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I'm sourcing the parts now for an LED persistence of vision setup on a bicycle. Two wheels with anywhere between 16-32 LED's per wheel, as well as 24 LED's mounted on the frame of the bike itself

Since the Arduinos have to be mounted into the wheels to drive the POV displays - do I need a total of 3 arduinos?

Driven by 2x [Nano 3.0 Atmel Atmega328P Mini-USB Board][1] + an Arduino Uno from the frame? So far I think I'll pick up 2 x [433Mhz RF Transmitter Module + Receiver Module Link Kit][2] for wireless control, [Reed Switch Magnetic Detection Sensor Module][3] for calculating velocity from a small magnet mounted somewhere on one of the forks. 4 x [WS2811 RGB 8-LED Light Strip Module][4] as the POV LED's, or maybe some of the [DotStar Digital LED][5] and miscellaneously perhaps are some of these required/ useful? maybe instead of the 4x8 I could go 4x [SSC Seoul P4][6], or from [SparkFun][7], following pieces of [this guide][8]

  • DIY AT89S52 Microcontroller Development Board Set
  • [KT0026 Electronic Parts Pack][9]
  • [Square Prototyping Plate][10]
  • [ZnDiy-BRY Z-069 MB102 Breadboard + Power Supply Module][11]

My main concern is refresh rates....getting everything controlled...and making sure I have enough I/O. Any help would be greatly appreciated. (URL's available on request :P)

  • NeoPixels are not great for POV stuff because they have inherent jitter of about 2ms regardless of your frame rate and how many pixels you are driving. This can make your edges look ragged at sufficient speeds. You can read more about the source of the jitter here... wp.josh.com/2014/06/09/… – bigjosh Jun 30 '15 at 23:40
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Maybe look at NeoPixels Revealed: How to (not need to) generate precisely timed signals. The author there controlled 1000 Neopixels with a Duemilanove with fairly simple code. These were WS2812 not WS2811 but perhaps the code could be adapted to suit. Judging by the datasheets they are fairly similar.

Since he got 30 fps with 1000 pixels, your requirement of around 100 pixels would seem fairly straightforward.

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Those WS2811 strips are a good idea. You can control them all from pins on the same port which will make the control a little more complex but multiply the refresh rate, or you can chain all of them off a single pin if you find the refresh rate high enough that way.

  • Controlling two LED strips in parallel would not be easy. The Adafruit NeoPixel library uses inline assembly to get the timings right. There are quite a few nops in the 400 kHz bitstream / 16 MHz CPU case, so it is certainly doable, but you will have to write it in assembly and count the CPU cycles. – Edgar Bonet Jun 5 '15 at 12:44
  • That's what util/delay.h is for. – Ignacio Vazquez-Abrams Jun 5 '15 at 12:46
  • Not really helpful: if you want to keep a logic level for some specified time, you have to delay for that time minus the time needed to execute the other instructions in your loop. So you still need to count the cycles in the assembly code. We are talking sub-µs timing tolerances. – Edgar Bonet Jun 5 '15 at 12:53
  • There are only three transitions needed per cycle. The hard part is putting all the bits together for the second transition, and even then that has a fixed cost which would be far less than the 50us reset period. So complex, but not anywhere near impossible. – Ignacio Vazquez-Abrams Jun 5 '15 at 13:00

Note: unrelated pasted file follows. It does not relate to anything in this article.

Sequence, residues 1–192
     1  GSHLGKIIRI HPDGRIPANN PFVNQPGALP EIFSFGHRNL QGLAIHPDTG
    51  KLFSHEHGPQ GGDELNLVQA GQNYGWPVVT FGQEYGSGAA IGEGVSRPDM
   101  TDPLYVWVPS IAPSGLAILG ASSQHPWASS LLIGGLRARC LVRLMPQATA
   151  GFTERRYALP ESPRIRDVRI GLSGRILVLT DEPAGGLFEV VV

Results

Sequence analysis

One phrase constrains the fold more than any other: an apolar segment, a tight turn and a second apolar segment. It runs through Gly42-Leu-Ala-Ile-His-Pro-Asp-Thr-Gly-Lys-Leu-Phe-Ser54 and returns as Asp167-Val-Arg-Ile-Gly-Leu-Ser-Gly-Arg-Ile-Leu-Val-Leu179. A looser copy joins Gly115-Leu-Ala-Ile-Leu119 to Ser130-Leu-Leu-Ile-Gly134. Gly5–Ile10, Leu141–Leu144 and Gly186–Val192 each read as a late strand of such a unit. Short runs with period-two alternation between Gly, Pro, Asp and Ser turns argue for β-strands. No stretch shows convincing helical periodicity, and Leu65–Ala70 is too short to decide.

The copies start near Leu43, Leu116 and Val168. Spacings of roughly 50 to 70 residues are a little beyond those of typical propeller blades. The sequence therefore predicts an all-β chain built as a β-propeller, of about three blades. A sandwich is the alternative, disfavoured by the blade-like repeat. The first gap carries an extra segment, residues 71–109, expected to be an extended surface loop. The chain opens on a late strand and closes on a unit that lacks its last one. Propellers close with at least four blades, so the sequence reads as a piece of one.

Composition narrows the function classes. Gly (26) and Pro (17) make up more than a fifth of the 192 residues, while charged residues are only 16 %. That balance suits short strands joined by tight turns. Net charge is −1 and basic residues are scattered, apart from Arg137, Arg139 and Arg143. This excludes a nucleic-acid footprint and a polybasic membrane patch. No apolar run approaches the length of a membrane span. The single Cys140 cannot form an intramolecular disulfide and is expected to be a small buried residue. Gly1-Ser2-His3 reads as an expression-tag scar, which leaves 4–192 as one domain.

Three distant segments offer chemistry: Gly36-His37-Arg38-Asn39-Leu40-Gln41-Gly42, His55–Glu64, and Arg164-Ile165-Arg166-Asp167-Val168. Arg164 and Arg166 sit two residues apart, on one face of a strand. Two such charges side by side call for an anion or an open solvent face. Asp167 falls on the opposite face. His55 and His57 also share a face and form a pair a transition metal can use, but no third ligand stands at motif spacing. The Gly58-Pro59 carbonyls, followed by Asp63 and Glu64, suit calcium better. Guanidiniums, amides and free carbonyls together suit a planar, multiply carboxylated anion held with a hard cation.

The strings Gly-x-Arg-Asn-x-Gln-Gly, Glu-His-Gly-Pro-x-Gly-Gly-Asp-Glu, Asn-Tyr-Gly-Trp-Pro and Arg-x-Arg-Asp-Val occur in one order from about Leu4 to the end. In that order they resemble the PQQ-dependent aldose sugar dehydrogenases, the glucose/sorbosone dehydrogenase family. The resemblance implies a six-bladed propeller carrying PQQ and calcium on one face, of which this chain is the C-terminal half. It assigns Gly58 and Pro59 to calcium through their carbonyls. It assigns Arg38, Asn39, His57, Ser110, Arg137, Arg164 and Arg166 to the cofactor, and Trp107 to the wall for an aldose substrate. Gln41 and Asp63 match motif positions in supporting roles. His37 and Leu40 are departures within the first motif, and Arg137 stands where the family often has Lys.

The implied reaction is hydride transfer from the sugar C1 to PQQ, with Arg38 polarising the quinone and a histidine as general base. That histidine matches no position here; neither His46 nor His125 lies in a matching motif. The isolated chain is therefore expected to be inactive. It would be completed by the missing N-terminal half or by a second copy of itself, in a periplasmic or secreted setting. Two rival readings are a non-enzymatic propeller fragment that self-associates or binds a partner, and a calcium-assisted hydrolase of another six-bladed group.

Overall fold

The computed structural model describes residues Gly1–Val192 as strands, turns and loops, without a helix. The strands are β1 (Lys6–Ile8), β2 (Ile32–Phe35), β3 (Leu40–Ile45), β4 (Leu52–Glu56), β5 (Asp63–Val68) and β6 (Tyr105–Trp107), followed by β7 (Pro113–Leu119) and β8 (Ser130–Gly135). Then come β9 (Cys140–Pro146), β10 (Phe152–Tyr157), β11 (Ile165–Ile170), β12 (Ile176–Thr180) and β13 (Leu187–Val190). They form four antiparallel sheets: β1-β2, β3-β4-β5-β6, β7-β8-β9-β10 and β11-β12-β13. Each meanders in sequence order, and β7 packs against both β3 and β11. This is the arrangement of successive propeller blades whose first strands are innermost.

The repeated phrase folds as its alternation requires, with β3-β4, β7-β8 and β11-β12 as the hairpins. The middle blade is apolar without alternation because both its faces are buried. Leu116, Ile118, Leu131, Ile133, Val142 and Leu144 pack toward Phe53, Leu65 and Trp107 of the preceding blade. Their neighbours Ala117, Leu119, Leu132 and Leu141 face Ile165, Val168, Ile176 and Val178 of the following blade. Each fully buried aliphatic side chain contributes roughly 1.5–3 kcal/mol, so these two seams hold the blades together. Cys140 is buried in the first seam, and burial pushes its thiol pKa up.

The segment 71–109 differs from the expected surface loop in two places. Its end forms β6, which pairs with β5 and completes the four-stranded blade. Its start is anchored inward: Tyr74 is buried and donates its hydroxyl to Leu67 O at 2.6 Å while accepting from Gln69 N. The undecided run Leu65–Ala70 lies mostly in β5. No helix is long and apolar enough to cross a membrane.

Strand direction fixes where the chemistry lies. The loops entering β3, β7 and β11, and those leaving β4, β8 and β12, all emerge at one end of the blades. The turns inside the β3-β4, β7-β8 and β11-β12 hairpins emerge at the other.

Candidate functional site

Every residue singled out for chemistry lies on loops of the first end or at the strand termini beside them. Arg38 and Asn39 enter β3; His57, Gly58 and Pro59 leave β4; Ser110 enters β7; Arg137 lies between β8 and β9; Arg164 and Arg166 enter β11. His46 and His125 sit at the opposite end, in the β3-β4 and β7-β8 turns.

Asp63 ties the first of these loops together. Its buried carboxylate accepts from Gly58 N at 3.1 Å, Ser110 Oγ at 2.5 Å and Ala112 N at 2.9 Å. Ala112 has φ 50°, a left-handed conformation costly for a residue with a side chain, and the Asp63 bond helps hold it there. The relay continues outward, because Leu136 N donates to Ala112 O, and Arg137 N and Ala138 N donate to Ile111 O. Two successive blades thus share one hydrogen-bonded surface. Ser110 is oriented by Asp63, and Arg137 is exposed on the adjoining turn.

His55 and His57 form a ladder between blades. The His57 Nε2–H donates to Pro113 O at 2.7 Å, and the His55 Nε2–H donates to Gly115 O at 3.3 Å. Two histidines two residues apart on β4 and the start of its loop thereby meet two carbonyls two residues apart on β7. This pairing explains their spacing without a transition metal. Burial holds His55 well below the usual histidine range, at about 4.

• You can drive up to 8 strings at the same time from 8 different IO pins on an arduiono. Yuo do need to get all the outgoing bytes (each byte has the bit outgoing pattern for all out outputs) ready beforehand, but you can do that outside the timing-critical loop. – bigjosh Jun 30 '15 at 23:37
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You wouldn't necessarily need full Arduinos - you could prototype them on Arduinos, then move them to just Atmel chips on your own board (e.g. stripboard). To do this, you would need your own resonator, power supply, and programming. Resonators are cheap and easy, you would probably want to set up your own power supply anyway (3 AA batteries is a perfect power supply for the Atmel), and you can program using a USBISP or similar, right from inside the Arduino IDE.

As for speed, I see a bicycle wheel is on the order of 26 inches/660mm diameter. This makes the perimeter about 6 foot 9 inches/2 meters (sounds like a lot, doesn't it?). Google tells me that a sprint on a bike by a fit person is about 40km/h, or 11 meters/second, making 5.5 revs/second of the wheel - about 180 milliseconds/revolution. This means that if you want 1 degree accuracy, you're going to have to change ALL the (changing) leds at about 2khz. The Arduino can run at up to 20mhz, giving you 10,000 instructions to change the leds. Plenty of time.

If you have strips, you should check the specs on the strips to see how fast you can change them. Remember that you probably have to update ALL of them, and you want most of the time to be spent between updates; while you are updating, it may show unwanted lights on/off.

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    500 µs (2 kHz) is not “plenty of time”. You have 384 bits to push (2 strips/wheel × 8 LEDs/strip × 24 bits/LED) at 400 kb/s (as per the WS2811 spec), and then you send a 50 µs pulse to latch the data. That's 1010 µs per refresh, of which only 50 (the latch pulse) are available for other computations. Using WS2812 (800 kb/s) would probably help. And no, you do not get unwanted lights during the update. – Edgar Bonet Jun 5 '15 at 13:08
  • Also take into account the 400hz refresh rate of the WS2812. – Gerben Jun 5 '15 at 19:15

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